(Bloomberg) -- Ukraine appealed for more weapons, along with continued US support, to build on successes over the weekend in liberating territory from Russian control in the Kharkiv region.
Ukrainian armed forces also need armored vehicles and tanks “to get our victory as soon as possible,” Ihor Zhovkva, deputy chief of staff to President Volodymyr Zelenskiy, told Bloomberg Television. US support is crucial, the country’s president told CNN.
Russia has likely ordered the withdrawal of its troops from the occupied Kharkiv Oblast west of the Oskil River, according to the UK ministry of defense. Ukraine’s top commander said his forces had taken back 3,000 square kilometers (1,158 square miles) of lost territory since the beginning of September.
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On the Ground
Russian forces are trying to undermine gains achieved by Ukraine’s counteroffensive and restore lost positions, Ukraine’s General Staff said in its regular update. More than 30 settlements, including Kramatorsk and Dnipro, were affected by Russian missile and air strikes in the past 24 hours, according to the statement. Ukrainian troops continued to liberate settlements in the Kharkiv and Donetsk regions, and inflicted significant losses on Russian forces on the Kherson axis, according to the report.
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Blinken Cites ‘Progress’ in Counteroffensive (4:50 a.m.)
Secretary of State Antony Blinken said Ukraine had made “significant progress” in its counteroffensive, but cautioned that it was “too early to tell exactly where this is going.”
Blinken, speaking to reporters in Mexico City on Monday evening after a conference involving US and Mexican officials, said Ukraine’s latest military campaign was “very methodically planned out, and, of course, has benefited from significant support from the United States and many other countries, in terms of making sure Ukraine has the equipment it needs to prosecute this counteroffensive, which has one clear purpose -- which is to take back land that was seized by Russia’s aggression.”
Blinken added: “We will continue to do what is necessary to support Ukraine.”
Esper Urges US to Send Warplanes, Helicopters (11:30 p.m.)
The US should provide Ukraine with warplanes and helicopters, former Defense Secretary Mark Esper said in an interview on Monday, a move the Biden administration has so far resisted.
“The Ukrainians are really showing that they can do maneuver warfare and that they can take the fight to the Russians,” Esper told Bloomberg Television’s “Balance of Power With David Westin.” He added: “They’re quick studies, they’re eager and they want to get into the fight so we need to help them out.”
Esper, who ran the Pentagon toward the end of the Trump administration, said the US shouldn’t be so worried about how Russian President Vladimir Putin might respond, and the West standing up to Russia would send a strong message to China amid growing tensions over Taiwan. In the past, officials have fretted that providing aircraft to Ukraine or enforcing a no-fly zone could broaden the conflict. “‘We should do what’s right, support the Ukrainians -- and look, they can win this war,” Esper said.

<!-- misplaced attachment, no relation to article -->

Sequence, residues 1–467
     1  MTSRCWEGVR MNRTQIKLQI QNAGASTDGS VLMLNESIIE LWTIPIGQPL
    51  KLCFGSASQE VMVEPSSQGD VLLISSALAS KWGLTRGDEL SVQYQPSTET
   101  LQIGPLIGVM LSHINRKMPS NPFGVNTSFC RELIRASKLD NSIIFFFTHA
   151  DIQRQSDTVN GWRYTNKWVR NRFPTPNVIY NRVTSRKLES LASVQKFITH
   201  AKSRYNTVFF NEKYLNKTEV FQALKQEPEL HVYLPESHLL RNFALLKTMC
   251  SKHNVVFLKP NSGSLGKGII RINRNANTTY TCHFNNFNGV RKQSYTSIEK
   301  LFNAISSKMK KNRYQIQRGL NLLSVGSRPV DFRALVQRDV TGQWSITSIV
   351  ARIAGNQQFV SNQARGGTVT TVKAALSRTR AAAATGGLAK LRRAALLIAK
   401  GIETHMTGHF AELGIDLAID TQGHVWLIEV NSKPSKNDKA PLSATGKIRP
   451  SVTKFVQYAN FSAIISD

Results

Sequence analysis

Zelenskiy Says Continued US Support Is Key (5:20 p.m.)
“I want to believe that bipartisan support for Ukraine will remain,” Zelenskiy said in the CNN interview. “It is important to us. We are fighting, we cannot allow the world to weaken the support for Ukraine.”
The Ukrainian army will continue moving ahead, Zelenskiy said. Negotiations are only possible after Russian troops leave Ukraine.
Ukraine Aide Says More Weapons Needed to Expand on Latest Successes (4:50 p.m.)
“We need more weaponry. We need more artillery. Artillery matters when starting those kind of campaigns,” Zhovkva, the deputy chief of staff to Zelenskiy, said in the Bloomberg TV interview. “We need ammunition, necessary ammunition for the western artillery and for the old Soviet artillery.”
IAEA Says Nuclear Plant ‘Stabilized’ After Unit 6 Shutdown (2:02 p.m.)
The Russian-occupied Zaporizhzhia nuclear power plant completed the process for shutting down its sixth and remaining active reactor early Monday, International Atomic Energy Agency Director General Rafael Mariano Grossi said. The so-called cold shutdown came as the agency begins talks with Russia and Ukraine about creating a security zone around the plant, which has been targeted by increased shelling since July.
“I have seen signs they are interested in the agreement,” Grossi said at a press briefing in Vienna. A security zone would stop short of establishing a fully demilitarized area, but would seek to curtail the attacks.
Kremlin Vows to Continue Offensive (12:52 p.m.)
Putin’s spokesman brushed off the Russian retreat in the northeast of Ukraine and said that Russia will pursue its assault in the neighboring country.
The military campaign in Ukraine “will continue until the goals that were originally set are achieved,” Dmitry Peskov told reporters on a conference call.
Germany Mulls Sending More Weapons to Ukraine (11:53 a.m.)
In view of Ukraine’s latest military push, German Defense Minister Christine Lambrecht has promised to check whether the army will be able to send more weapons to Ukraine. Over the weekend she talked with Bundeswehr General Eberhard Zorn about expanding the support for Ukraine, Lambrecht said in Berlin on Monday. At the same time, she made clear, however, that this shouldn’t happen at the cost of the country’s NATO obligations.
Finance Minister Christian Lindner also said that Germany should consider an enlargement of its military support. “Ukraine must win this war,” Lindner said on Twitter.
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